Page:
John Bonham PDF Print E-mail
Tuesday, 14 October 2008 10:15

Bonham performing during Led Zeppelin's 1977 North American Tour

John Henry "Bonzo" Bonham 

Born:  May 31, 1948

Died:  September 25, 1980

Place of death: Clewer, Windsor, England

Age: 32

Cause of death:  Accidental pulmonary edema - waterlogging of the lungs caused by inhalation of vomit, after excessive vodka consumption.

Bonham was born in Redditch, Worcestershire, England. He first learned how to play drums at the age of five, making a drum kit out of containers and coffee tins, and copying the moves of his idols Gene Krupa and Buddy Rich. His mother Joan gave him a snare drum at the age of ten. He received his first proper drum kit from his father at the age of fifteen, a Premier Percussion kit. The drummer - nicknamed 'Bonzo' after the dog in a British comic strip - never took any drum lessons though as a teen would knock on the doors of other drummers and ask for advice.

After leaving Lodge Farm Secondary Modern School in 1964, he worked for his father Jack Bonham as an apprentice carpenter in between drumming for different local bands. In 1964, Bonham joined his first band, Terry Webb and the Spiders, meeting his future wife Pat Phillips at a dance in Kidderminster. He also played in other Birmingham bands such as The Nicky James Movement, The Blue Star Trio, and The Senators, who released a moderately successful single "She's a Mod." Bonham enjoyed the experience and decided to take up drumming full-time. Two years later, he joined A Way of Life, but the band soon became inactive. In desperation for a regular income, he joined a blues group called Crawling King Snakes whose lead singer was a young Robert Plant.

In 1967, A Way of Life asked Bonham to return to their group, and he agreed — though throughout this period, Plant kept in constant contact with Bonham. When Plant decided to form Band of Joy, Bonham was first choice as drummer. The band recorded a number of demos but no album. In 1968 American singer Tim Rose toured Britain and invited Band of Joy to open his concerts. When Rose returned for another tour months later, Bonham was formally invited by the singer to drum for his band, which gave him a regular income.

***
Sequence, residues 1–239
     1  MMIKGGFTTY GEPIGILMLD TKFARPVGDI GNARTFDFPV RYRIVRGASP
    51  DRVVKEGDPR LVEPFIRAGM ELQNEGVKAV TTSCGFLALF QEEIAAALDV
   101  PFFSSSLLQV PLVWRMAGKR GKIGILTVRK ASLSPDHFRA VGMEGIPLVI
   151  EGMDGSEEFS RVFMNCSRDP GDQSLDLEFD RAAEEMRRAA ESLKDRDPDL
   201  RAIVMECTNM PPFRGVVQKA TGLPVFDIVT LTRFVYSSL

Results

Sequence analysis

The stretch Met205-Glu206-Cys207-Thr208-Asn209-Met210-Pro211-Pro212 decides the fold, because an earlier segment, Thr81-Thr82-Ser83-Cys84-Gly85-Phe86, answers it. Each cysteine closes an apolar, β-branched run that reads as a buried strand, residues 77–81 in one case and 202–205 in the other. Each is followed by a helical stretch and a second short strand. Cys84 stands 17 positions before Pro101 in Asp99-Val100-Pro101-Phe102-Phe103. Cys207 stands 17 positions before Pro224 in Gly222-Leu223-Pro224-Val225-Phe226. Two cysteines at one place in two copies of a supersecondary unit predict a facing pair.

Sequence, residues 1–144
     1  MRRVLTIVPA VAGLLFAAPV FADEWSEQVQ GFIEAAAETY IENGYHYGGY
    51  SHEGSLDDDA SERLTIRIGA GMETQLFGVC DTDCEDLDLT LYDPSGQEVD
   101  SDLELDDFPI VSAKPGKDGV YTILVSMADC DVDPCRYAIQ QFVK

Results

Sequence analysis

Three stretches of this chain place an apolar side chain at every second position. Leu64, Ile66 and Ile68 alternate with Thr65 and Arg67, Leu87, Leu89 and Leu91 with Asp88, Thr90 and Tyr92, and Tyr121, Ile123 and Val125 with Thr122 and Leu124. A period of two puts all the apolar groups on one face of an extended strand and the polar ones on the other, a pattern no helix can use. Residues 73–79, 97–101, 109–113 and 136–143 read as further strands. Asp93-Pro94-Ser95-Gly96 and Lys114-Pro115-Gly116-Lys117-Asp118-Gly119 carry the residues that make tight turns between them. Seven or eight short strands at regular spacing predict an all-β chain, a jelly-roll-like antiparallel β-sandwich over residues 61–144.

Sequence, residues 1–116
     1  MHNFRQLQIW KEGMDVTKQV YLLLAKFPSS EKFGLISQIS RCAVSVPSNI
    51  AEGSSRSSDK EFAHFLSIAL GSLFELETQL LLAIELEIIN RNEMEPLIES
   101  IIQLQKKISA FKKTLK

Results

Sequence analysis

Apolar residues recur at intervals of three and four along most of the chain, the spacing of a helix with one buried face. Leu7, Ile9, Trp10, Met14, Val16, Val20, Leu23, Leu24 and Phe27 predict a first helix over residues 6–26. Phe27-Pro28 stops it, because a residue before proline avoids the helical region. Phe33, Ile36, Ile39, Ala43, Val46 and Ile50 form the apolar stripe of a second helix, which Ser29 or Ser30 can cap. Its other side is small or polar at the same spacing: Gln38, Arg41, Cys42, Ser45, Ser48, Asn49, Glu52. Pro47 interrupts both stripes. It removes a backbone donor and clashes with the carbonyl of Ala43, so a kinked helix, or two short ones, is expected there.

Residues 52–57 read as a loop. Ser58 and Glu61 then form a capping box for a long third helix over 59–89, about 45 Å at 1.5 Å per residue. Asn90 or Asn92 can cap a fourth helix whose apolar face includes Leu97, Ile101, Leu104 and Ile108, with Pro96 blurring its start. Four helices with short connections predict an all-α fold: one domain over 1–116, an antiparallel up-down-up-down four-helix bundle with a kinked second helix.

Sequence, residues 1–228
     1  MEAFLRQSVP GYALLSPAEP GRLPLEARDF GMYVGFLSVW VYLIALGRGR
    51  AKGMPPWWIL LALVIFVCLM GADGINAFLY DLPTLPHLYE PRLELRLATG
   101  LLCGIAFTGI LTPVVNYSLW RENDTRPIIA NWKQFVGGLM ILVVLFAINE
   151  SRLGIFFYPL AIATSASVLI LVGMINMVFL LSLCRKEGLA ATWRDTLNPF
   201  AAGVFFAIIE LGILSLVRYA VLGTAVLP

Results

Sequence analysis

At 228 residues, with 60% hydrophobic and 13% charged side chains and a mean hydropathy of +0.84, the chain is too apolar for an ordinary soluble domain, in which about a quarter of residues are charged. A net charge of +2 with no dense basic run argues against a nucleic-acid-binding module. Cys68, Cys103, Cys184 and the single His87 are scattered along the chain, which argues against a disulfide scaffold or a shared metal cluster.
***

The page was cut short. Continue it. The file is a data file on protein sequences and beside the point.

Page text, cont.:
When Jimmy Page wanted to start a band in the wake of The Yardbirds break-up, his first choice for singer was Terry Reid. However Reid had already signed with Mickie Most for a solo career. Reid suggested Robert Plant, who in turn suggested Bonham. Bonham had already drummed with Plant, and knew Page from session work, as well as John Paul Jones. Page's choices for drummer included Procol Harum's B.J. Wilson, and session drummers Clem Cattini and Aynsley Dunbar. Ginger Baker was also rumoured to be on Page's list. However, upon seeing Bonham drum for Tim Rose in Hampstead, north London, in July 1968, Page and manager Peter Grant were instantly convinced that he was the perfect fit for the new project.

Despite an intensive campaign to snare the drummer, Bonham was initially reluctant to join the band, as he thought that the Yardbirds was a name from the past with no future. Plant sent eight telegrams to Bonham's pub, the "Three Men in a Boat", in Walsall, which were followed by forty telegrams from Grant. However, at the same time he was also receiving lucrative offers from established artists Joe Cocker and Chris Farlowe. In the end, though, Bonham accepted Grant's offer. He later recalled, "I decided I liked their music better than Cocker's or Farlowe's."

During Led Zeppelin's first tour of the United States in December 1968, Bonham became friends with Vanilla Fudge's drummer Carmine Appice. Appice introduced him to Ludwig drums, which he then used for the rest of his career. Bonham used the longest and heaviest sticks available, which he referred to as "trees." His hard hitting style was displayed to great effect on many Led Zeppelin songs, including "Immigrant Song" (Led Zeppelin III), "When the Levee Breaks" (Led Zeppelin IV ), "Kashmir" (Physical Graffiti), "The Ocean" (Houses of the Holy), and "Achilles Last Stand" (Presence). The studio recording of "Misty Mountain Hop" perfectly captures his keen sense of dynamics, and this is similarly exhibited by his precise drumming on "No Quarter." On several cuts from later albums, Bonham rather adeptly handled funk and Latin-influenced drumming. Songs like "Royal Orleans" and "Fool in the Rain" are good examples, the latter displaying great skill with a New Orleans shuffle and a samba rhythm.